MI health chief Nick Lyon heading to trial on manslaughter charges in Flint water crisis case

Michigan Department of Health and Human Services Director Nick Lyon will stand trial in a case tied to the Flint Water Crisis.

A judge bound Lyon over on two counts of involuntary manslaughter and one count of misconduct in office.

Judge David Goggins found probable cause that Lyon failed to perform his duties to protect the public and that he failed to notify the public in a timely basis.

According to Office of Special Counsel's investigator's report for Lyon, Lyon became aware of the Legionnaires' Disease outbreak on Jan. 28, 2015, but didn't inform the public until nearly a year later.

“Mr. Lyon failed in his responsibilities to protect the health and safety of the citizens of Flint," Michigan Attorney General Bill Schuette said at a press conference announcing the charges in June 2017.

"After allegedly being informed of the growing legionella situation in Flint, Nick Lyon failed to inform the public of this health threat," Schuette said. "A threat that cost the life of Robert Skidmore, (who) died in December 2015 of Legionnaire’s disease.”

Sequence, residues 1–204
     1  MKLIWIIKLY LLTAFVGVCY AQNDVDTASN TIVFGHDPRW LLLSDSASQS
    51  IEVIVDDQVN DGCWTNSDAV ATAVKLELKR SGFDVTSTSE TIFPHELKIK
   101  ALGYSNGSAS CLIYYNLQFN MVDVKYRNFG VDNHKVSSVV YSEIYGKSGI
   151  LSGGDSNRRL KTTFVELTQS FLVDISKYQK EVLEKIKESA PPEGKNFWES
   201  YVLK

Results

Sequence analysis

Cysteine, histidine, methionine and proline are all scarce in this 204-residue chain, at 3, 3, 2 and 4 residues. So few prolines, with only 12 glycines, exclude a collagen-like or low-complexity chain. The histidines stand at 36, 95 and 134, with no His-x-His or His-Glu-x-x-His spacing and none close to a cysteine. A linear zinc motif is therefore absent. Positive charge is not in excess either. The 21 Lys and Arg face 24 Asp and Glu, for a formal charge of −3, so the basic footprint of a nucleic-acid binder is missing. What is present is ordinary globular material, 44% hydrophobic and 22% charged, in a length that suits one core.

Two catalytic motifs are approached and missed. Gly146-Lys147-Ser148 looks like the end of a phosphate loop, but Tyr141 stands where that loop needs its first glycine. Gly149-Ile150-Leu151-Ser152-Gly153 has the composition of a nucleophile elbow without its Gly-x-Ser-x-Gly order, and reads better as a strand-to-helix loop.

The report states that Lyon met with Shawn McElmurry, an associate professor of civil engineering at Wayne State University, in the summer of 2016.

McElmurry was hired in January 2016 to put together the Flint Area Community and Environmental Partnership to research whether Flint's switch to the river water caused the Legionnaire's outbreak.

The meeting in the summer included McElmurry, Lyon, Dr. Paul Kilgore and Gov. Snyder's senior advisor. It was about the increased surveillance of the Legionnaires' Disease outbreak since they hadn't figured out the source of the outbreak.

According to the investigator's report, Lyon said they couldn't afford more surveillance. After Kilgore told Lyon that decision could cause more people to die, Lyon allegedly responded that he "couldn't save everyone," and "they have to die of something," the report said.

 

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